WATCH: Restoring Ratty project to bring back water vole
The largest water vole reintroduction to one place ever undertaken in the UK is now under way at Kielder.
The Kielder Water Vole Partnership is releasing 700 of the creatures in Kielder Forest – a vast area of 650 square kilometres – after a 30-year absence.
The first release of 325 water voles is taking place this week with a further 350 due to be released in August.
The aim is to restore populations of this endangered mammal to the Kielder catchment of the North Tyne with a view to their eventual spread throughout western reaches of Northumberland.
This project will reintroduce a much-loved British species – Ratty in Kenneth Grahame’s children’s classic Wind in the Willows – to a key area which used to have thriving water vole populations up until the 1980s.
The water vole was once a common and familiar mammal, but habitat declines, pollution of waterways, industrialisation of agriculture, housing development and predation by American mink, which escaped from fur farms, have all led to severe declines since the 1960s.
The Forestry Commission has done much to improve the water vole habitat across Kielder Forest, leaving open areas next to water courses after felling, thus allowing banksides to have more light and a greater range of plants to grow, which is perfect for water voles.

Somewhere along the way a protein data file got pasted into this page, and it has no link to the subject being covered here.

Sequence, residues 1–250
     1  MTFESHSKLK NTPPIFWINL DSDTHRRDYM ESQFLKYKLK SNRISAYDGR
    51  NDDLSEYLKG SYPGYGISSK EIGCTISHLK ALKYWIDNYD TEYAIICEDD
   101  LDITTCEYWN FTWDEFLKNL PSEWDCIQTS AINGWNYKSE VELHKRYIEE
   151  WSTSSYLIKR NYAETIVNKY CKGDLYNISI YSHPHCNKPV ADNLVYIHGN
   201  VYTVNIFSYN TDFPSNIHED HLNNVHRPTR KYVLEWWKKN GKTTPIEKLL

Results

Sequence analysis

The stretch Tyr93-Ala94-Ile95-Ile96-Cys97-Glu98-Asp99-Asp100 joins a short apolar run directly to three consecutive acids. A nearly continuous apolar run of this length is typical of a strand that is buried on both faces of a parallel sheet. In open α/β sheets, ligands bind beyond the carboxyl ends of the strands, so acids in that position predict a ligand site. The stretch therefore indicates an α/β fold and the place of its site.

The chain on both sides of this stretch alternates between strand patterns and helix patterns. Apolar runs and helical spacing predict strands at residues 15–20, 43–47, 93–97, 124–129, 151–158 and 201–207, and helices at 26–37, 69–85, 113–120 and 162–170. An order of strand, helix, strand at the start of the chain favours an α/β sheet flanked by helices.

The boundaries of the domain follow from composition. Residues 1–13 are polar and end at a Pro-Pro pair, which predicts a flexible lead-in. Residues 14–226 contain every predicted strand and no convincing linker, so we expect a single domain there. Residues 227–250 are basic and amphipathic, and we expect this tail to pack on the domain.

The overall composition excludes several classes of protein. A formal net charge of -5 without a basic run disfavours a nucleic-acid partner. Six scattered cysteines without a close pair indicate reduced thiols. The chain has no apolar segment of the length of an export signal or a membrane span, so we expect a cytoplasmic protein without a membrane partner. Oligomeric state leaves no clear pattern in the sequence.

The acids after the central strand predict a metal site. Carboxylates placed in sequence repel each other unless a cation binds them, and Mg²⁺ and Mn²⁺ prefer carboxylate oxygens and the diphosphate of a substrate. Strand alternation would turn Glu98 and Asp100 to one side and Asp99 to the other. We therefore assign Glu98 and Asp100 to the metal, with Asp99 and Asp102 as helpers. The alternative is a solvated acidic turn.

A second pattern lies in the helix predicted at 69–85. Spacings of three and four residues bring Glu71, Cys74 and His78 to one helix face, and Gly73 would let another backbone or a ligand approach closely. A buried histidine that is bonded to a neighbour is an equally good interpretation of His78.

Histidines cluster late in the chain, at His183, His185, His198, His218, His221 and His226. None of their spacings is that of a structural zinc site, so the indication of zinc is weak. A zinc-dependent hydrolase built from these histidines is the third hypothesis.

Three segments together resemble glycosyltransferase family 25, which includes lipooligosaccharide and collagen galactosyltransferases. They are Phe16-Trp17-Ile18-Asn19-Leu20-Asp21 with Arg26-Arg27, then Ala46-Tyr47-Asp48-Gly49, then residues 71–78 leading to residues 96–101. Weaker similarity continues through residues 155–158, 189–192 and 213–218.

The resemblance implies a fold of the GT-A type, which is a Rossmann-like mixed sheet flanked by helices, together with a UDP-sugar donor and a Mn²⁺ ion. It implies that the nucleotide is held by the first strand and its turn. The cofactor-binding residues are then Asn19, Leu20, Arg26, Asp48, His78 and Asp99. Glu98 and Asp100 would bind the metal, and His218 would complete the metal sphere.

Kelly Hollings, of Northumberland Wildlife Trust’s Restoring Ratty project, said: “Water voles belong here and are an essential element of our wild and watery places.
“It’s terribly sad to have witnessed such huge declines of this lovely mammal in my lifetime.
“We’re doing everything we can to help bring them back and we’re so grateful to all those who are supporting our work.”
The first release at Kielder Water & Forest Park is of water voles bred from individuals taken from stable populations over the border in Scotland, while the second will be the young from voles captured in the North Pennines in late summer 2016. The captured water voles spent the winter at the Derek Gow Consultancy in Devon (specialists in water vole conservancy) where they have been cared for and bred to provide large numbers of young.
Mike Pratt, Northumberland Wildlife Trust’s chief executive, said: “This is a historic day for everyone involved and it’s a good moment to reflect on the fantastic efforts and great work being done by volunteers and the Restoring Ratty partners to bring back this much-loved mammal. We’re improving habitats on our own nature reserves and working alongside a number of organisations and landowners to bring back water voles right across the county.”
Restoring Ratty is a five-year partnership project between Northumberland Wildlife Trust, Forestry Commission England and Tyne Rivers Trust, which been made possible by National Lottery players through a grant of £421,000 from the Heritage Lottery Fund (HLF).
Tom Dearnley, an ecologist with Forestry Commission England, said: “After several years of the three partners working closely together with the local community, we have created the perfect environment for water voles to be reintroduced in Kielder Water & Forest Park. Thanks to the project officers, rangers, foresters and volunteers we will soon see water voles thriving in Kielder again.”